In December, British MPs raised concerns that most U.K. festivals would not return in 2021 without underwritten insurance. With the 2020 festival collapse brought on by COVID-19 leaving insurance companies leery of such gatherings, the Parliament’s Digital, Culture, Media and Sport Committee (DCMS) has called upon Chancellor Rishi Sunak to offer government-backed insurance to organizers.
In a letter to the Chancellor, the DCMS Committee noted that 2019 saw festivals bring £1.76 billion to the economy. Tourists attending live music events spent £460 million, they said – enough to sustain 46,000 jobs.
“Planning for this year’s festivals, live performances and events is taking place now, and while the vaccine rollout is cause for optimism, organizers need confidence that this work and investment will not go to waste,” the Committee wrote. “Central to that confidence is insurance.”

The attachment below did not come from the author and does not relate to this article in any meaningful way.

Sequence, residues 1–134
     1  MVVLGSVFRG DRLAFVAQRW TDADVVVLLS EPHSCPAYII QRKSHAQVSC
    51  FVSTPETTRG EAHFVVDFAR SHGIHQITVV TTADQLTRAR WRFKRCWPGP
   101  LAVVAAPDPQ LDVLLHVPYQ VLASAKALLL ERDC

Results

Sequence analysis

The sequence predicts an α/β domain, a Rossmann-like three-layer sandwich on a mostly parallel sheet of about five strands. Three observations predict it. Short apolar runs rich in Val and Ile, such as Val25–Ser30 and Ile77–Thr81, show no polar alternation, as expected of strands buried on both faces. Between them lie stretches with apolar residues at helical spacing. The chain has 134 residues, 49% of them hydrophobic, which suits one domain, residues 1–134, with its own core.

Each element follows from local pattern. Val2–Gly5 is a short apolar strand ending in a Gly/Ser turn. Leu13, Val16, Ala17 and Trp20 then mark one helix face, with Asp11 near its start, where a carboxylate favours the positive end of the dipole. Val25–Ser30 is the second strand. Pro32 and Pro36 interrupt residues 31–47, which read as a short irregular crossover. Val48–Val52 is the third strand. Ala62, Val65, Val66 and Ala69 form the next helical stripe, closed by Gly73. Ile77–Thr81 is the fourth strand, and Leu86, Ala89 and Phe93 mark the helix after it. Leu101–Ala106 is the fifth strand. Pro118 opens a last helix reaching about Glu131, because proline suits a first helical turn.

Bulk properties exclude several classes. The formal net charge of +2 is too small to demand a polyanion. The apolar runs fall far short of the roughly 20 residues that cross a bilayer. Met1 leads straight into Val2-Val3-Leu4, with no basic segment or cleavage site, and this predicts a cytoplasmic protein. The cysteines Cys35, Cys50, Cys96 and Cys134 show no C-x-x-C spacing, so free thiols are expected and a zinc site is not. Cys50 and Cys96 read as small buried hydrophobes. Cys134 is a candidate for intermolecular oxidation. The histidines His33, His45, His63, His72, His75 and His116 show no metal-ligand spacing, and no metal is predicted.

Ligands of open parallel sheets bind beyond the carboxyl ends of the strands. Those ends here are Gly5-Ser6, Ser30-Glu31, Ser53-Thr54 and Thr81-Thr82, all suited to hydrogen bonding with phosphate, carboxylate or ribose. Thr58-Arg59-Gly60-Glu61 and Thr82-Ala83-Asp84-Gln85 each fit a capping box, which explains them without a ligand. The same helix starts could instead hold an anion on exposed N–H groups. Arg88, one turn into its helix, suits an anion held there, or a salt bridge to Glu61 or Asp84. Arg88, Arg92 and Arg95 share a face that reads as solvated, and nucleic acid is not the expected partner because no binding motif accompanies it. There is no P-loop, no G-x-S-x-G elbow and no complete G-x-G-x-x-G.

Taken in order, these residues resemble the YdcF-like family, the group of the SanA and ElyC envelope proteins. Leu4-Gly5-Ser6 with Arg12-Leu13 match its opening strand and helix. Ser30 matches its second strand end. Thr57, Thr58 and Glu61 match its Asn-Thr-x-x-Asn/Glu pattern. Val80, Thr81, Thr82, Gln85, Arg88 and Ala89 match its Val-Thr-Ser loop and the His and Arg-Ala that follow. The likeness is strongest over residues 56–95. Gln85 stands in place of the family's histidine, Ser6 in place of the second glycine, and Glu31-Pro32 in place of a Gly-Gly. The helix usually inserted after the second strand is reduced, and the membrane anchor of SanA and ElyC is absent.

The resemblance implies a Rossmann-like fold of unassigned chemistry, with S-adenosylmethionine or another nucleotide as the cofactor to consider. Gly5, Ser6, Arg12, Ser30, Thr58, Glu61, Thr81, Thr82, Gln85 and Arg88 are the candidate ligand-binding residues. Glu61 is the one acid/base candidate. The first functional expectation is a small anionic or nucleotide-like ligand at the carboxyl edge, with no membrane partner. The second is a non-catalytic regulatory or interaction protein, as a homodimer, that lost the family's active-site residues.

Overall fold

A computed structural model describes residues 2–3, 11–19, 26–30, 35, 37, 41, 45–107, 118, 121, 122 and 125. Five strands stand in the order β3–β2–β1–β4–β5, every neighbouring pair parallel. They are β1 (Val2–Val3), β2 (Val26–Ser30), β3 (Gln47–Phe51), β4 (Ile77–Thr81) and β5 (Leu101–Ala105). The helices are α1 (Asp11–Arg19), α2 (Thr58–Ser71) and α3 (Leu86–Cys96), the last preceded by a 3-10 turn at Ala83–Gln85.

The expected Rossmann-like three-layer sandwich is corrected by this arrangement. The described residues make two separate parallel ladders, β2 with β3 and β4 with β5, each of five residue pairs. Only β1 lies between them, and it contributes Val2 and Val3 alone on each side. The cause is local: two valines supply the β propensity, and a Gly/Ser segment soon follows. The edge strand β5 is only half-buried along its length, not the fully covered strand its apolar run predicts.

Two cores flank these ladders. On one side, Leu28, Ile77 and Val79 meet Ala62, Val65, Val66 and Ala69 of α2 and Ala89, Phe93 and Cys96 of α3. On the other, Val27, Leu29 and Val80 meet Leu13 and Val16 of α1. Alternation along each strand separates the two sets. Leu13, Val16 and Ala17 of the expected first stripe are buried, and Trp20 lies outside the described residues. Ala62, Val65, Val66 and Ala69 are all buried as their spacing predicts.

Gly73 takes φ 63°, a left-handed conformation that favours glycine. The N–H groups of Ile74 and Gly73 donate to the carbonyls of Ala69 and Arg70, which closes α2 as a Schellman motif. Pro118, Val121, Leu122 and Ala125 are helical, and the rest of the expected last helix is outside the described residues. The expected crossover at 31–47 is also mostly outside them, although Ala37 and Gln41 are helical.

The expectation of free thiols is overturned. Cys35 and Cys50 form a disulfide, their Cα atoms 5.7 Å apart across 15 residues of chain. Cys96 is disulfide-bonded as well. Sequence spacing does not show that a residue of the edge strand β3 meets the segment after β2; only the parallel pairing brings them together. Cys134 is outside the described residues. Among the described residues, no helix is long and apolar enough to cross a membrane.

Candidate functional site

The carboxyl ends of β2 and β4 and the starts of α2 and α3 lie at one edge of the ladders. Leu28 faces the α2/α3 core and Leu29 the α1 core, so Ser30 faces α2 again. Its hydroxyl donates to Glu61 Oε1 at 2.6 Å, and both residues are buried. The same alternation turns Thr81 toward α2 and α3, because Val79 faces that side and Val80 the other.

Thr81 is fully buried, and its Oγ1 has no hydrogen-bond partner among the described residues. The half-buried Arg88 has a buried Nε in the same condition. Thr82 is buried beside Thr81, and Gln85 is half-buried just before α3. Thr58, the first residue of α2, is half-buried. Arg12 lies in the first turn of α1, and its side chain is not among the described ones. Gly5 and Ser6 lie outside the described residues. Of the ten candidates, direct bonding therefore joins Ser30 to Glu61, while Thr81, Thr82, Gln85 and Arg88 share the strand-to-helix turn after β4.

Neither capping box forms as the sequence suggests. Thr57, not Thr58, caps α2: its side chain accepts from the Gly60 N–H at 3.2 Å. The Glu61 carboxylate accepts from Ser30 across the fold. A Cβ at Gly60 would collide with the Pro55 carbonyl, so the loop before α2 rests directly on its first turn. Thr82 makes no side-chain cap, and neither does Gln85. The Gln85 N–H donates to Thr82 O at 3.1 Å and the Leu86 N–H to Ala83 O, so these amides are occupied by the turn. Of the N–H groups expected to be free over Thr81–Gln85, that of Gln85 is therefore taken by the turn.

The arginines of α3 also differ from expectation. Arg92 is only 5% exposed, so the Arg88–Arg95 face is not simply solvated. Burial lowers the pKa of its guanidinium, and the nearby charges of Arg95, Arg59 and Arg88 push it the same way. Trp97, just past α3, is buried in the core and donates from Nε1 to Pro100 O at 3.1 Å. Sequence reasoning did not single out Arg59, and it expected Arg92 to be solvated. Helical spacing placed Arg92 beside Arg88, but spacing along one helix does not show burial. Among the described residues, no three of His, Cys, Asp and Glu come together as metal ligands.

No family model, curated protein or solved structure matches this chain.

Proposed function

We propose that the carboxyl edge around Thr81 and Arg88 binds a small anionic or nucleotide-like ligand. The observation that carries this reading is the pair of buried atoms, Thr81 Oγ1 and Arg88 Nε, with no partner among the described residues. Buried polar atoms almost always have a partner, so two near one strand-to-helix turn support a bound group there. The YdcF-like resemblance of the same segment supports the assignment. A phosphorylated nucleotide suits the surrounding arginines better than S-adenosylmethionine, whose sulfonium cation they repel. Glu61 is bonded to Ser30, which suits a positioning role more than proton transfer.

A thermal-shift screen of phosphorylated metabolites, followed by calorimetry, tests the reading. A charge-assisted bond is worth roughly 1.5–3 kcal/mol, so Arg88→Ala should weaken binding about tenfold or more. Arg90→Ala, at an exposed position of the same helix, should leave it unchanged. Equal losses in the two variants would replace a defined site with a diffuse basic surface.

The letter goes on to point out that the U.K. government has provided £500 million in insurance for the TV and film industries, arguing that the same must be done for festivals. The DCMS Committee suggested adapting the existing Pool Reinsurance scheme established after the 1992 IRA bombing of the Baltic Exchange building, but it didn’t rule out other approaches.
The DCMS Committee is not alone in warning of the dire implications for festivals without government aid. Emily Eavis, the daughter and co-organizer of Glastonbury Founder Michael Eavis, suggested last month that the government provide “direct financial support” to organizers of large-scale cultural gatherings.
The U.K. was the first to distribute COVID-19 vaccines in an attempt to curb the spread of the virus. At the time of writing, the country’s confirmed case total approaches 3 million with over 77,000 resulting deaths.
Image credit: Vishnu R